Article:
During more than a year of tracking the parameters of Covid-19, medical science has made one thing clear: the virus hits the elderly hardest. Yet their vulnerability is often taken as fate. A new international study disagrees. Prejudice, institutional bias and societal discrimination against older people in both rich and poor countries, it says, set the stage long before the virus struck. There was nothing inevitable about the pandemic’s effects.
Tapping into scores of research from dozens of countries for the study, “Global Report on Ageism,” experts argue that it is a persistent threat that is not getting enough global attention. Published on March 18, their report is a combined effort of four crucial United Nations entities: the World Health Organization, the Office of the High Commissioner for Human Rights, the Department of Economic and Social Affairs and the Population Fund.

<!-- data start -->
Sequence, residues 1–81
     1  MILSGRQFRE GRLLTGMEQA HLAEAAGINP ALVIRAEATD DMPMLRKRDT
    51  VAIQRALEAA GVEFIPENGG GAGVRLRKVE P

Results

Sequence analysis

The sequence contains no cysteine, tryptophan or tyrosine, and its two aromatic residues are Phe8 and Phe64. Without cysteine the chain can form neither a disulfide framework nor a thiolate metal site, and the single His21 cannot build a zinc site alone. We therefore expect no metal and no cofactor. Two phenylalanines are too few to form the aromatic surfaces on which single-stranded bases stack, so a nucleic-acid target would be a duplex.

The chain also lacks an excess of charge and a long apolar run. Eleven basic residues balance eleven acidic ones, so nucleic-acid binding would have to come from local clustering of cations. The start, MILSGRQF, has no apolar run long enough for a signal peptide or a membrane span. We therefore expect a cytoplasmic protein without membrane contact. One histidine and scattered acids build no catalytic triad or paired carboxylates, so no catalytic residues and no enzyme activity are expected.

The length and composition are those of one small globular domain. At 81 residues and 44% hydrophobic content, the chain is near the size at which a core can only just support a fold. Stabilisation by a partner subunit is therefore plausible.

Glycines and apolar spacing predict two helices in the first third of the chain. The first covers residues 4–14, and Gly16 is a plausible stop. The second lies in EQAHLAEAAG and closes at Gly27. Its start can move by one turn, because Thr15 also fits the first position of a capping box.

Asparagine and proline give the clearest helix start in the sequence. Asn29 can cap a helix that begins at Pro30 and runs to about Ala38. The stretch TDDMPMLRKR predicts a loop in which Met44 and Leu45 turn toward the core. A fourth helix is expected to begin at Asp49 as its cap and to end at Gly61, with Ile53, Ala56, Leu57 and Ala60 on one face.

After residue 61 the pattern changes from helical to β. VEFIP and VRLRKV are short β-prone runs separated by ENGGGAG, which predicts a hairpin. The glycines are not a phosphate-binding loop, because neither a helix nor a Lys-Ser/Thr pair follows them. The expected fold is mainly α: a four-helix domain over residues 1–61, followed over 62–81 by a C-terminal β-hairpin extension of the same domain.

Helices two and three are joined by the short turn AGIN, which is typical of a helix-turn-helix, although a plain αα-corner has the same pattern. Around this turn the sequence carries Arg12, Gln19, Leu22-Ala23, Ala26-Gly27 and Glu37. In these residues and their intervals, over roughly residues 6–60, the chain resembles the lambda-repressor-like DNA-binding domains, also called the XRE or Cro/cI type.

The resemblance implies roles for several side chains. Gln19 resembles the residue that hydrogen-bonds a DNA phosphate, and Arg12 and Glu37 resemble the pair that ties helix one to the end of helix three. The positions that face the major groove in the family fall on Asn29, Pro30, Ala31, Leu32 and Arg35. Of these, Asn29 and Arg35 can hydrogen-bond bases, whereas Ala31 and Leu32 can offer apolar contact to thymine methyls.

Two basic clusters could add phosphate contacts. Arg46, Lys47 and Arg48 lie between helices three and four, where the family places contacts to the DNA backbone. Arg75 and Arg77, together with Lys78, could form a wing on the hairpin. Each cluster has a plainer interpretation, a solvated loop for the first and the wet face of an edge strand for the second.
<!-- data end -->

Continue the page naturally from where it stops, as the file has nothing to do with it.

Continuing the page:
The UN does not have a dedicated agency on aging, although the world’s population is steadily getting older in many places. HelpAge International, a civil society organization with 158 members in 86 countries, fills some gaps with hotlines and help centers as well as a range of other services, including legal advice and assistance.